Indonesia awards new exporation blocks

To boost its declining production, Indonesia has awarded exploration rights for 11 new oil and gas blocks.

Eric Watkins
OGJ Oil Diplomacy Editor

LOS ANGELES, May 4 -- To boost its declining production, Indonesia has awarded exploration rights for 11 new oil and gas blocks.

Evita Legowo, director general of oil and gas at the energy ministry, said, "The areas are promising, but we have to wait for the investors to do the exploration so we know the reserves."

The new awards include: South Block "A", North Sumatra (PT Renco, PT Prosys); East Pamai, onshore Central Sumatra (PT Nana Yamano); West Belida onshore South Sumatra (Orchard Energi, Bayu); Terumbu onshore and offshore Madura (Australia Worldwide Exploration Ltd).

The awards also include: Southeast Madura (PT Bama Bumi Santosa, PT Toba); Pasir, onshore East Kalimantan (PT Archipelago); S. Sesulu, offshore East Kalimantan (Hess); Kofiau, offshore West Papua (Biak Petroleum, Niko Resources); offshore West Papua (Marathon, Komodo Energy, Kumawa Energy); Cendrawasih, offshore West Papua (Esso, ExxonMobil, and Biak Petroleum); Northern Papua, onshore and offshore North Papua (Sarmi Papua, Asia oil)

Legowo announced plans to offer 24 oil and gas blocks in May. Most will be offshore blocks in the eastern part of Indonesia. The new round will be offered during the May 5-7 annual convention of the Indonesian Petroleum Association in Jakarta. Contracts for the 11 blocks awarded also are to be signed at the convention.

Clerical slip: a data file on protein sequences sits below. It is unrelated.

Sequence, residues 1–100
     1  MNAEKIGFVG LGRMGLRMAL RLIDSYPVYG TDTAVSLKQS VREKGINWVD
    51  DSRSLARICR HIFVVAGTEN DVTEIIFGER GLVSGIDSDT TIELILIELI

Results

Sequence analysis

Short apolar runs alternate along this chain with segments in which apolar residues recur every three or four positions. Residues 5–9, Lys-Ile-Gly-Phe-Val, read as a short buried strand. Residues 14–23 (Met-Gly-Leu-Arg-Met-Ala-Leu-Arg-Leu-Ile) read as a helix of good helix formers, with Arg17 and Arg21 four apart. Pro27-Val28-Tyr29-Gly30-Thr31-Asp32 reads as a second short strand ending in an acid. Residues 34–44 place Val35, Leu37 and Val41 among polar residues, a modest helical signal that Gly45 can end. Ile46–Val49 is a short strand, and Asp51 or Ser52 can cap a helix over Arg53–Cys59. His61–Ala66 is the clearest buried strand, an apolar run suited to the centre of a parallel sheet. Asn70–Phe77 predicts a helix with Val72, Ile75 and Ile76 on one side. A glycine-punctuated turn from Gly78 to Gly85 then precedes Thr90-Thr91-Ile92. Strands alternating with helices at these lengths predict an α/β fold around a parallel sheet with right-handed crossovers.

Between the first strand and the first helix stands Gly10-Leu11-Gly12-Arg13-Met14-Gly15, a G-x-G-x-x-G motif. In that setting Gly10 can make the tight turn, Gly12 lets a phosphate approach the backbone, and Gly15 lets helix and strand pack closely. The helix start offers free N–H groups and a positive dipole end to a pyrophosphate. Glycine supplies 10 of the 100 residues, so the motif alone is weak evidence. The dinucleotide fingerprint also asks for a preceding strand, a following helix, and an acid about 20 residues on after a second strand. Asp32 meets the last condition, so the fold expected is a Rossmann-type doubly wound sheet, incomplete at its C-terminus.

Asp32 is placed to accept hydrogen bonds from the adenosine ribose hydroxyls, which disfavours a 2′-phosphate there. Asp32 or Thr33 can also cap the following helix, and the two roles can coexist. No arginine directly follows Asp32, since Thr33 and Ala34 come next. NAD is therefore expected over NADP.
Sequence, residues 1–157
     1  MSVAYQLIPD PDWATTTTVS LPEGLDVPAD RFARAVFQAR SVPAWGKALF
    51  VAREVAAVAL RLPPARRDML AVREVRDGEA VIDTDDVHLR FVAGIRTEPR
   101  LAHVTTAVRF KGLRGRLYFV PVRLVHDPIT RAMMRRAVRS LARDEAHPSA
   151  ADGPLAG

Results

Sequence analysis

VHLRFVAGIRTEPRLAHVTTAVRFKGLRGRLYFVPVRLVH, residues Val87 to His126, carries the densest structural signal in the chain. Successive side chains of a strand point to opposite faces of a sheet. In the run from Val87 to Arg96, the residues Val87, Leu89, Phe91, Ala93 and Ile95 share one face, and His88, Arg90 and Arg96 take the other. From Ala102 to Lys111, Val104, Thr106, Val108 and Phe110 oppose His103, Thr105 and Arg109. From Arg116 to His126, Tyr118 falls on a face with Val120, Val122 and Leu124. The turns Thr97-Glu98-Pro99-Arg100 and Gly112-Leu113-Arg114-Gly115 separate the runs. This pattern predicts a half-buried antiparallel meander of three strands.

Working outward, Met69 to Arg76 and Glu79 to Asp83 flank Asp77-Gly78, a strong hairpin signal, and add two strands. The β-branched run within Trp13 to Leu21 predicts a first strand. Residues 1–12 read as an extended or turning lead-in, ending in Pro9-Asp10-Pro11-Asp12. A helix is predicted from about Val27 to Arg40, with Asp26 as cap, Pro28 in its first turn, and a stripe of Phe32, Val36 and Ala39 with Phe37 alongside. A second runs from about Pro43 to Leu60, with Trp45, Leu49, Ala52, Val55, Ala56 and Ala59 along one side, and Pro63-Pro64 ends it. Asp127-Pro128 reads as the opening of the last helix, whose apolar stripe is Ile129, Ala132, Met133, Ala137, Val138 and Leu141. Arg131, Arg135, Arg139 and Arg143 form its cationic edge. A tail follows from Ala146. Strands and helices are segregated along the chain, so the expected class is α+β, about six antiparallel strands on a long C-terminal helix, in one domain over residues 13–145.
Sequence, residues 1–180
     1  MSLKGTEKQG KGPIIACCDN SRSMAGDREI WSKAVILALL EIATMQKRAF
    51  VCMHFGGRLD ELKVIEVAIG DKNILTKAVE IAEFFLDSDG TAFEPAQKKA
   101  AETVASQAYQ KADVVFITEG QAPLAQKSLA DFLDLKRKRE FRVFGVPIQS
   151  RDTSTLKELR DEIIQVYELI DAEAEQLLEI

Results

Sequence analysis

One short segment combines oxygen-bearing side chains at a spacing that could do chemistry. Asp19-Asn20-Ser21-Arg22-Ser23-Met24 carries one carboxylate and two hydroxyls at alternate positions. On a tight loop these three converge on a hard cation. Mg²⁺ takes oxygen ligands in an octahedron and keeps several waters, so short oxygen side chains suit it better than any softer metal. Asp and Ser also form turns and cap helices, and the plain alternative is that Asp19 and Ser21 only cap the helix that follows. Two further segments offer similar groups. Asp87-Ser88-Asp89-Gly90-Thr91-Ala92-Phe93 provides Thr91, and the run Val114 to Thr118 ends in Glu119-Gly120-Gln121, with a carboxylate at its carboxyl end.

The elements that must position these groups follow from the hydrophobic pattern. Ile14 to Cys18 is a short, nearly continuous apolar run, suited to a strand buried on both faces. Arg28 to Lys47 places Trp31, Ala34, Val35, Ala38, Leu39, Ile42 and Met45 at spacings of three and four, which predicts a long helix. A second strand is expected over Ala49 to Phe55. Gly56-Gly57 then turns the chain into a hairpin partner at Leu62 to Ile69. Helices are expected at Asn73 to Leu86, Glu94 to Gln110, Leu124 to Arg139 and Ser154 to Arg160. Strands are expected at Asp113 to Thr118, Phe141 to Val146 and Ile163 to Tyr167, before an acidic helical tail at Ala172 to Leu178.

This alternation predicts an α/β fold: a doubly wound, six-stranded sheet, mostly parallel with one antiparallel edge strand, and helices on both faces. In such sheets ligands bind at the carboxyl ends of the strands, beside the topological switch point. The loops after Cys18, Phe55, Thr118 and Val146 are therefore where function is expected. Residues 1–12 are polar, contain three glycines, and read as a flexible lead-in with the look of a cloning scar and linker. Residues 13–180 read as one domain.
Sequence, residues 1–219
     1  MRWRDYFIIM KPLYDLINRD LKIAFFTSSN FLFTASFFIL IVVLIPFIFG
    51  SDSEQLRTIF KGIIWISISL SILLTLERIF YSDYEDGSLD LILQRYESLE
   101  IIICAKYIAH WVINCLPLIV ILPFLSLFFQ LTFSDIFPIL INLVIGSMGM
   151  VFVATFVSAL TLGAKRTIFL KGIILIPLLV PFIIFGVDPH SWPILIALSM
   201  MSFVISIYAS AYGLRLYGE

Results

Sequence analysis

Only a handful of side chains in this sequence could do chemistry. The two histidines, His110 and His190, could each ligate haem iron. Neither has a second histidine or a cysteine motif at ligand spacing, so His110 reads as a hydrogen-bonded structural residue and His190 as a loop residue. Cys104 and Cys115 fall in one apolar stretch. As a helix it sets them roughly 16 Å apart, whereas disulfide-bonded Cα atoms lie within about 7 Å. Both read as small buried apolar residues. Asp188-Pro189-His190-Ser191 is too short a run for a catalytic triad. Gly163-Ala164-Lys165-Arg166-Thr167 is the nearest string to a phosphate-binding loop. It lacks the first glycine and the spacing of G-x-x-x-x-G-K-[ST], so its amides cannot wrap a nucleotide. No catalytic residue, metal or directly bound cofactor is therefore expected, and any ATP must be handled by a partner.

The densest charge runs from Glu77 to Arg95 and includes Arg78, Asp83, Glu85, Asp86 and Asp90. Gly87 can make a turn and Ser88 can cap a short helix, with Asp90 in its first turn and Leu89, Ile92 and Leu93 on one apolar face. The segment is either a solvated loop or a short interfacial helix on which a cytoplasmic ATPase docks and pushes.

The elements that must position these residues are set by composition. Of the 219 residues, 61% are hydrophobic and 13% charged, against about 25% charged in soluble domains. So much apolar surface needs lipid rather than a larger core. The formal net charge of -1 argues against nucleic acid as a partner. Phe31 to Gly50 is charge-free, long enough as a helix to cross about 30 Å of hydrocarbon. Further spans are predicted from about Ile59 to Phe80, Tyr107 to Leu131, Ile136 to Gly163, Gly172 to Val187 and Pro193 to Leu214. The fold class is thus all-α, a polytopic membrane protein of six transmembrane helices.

Meanwhile, Legowo said the Indonesian government believes it could find more oil and gas reserves based on historical data that Royal Dutch Shell PLC will return to Indonesia. Under a recent memorandum of understanding, Shell agreed to return all its exploration documents from before 1965. "We expect the data transfer will be completed in no more than 1½ years," said Legowo.

She said the government proposed that Stanvac and Caltex, now ExxonMobil Corp. and Chevron Corp., respectively, return their exploration documents from before 1965. Legowo said such historical documentation was expected to provide more information about oil and gas potential in the country. "It is possible that, based on the data, we will find new oil and gas blocks," she said.

Although the government has conducted its own seismic surveys, Legowo said the possibility exists that something may have been overlooked.

"Take the example of Cepu block. PT Humpuss had done exploration in the area, but it could not find big oil reserves. But ExxonMobil later on found a big reserve in the block," she said.

Indonesia is struggling to produce more oil from aging fields. In the first quarter of 2009, production averaged 946,000 b/d, down 14,000 b/d from the government's target of 960,000 b/d.

Last year Indonesia withdrew from the Organization of Petroleum Exporting Countries due to declining production and increased imports of oil.

Contact Eric Watkins at

More in Exploration & Development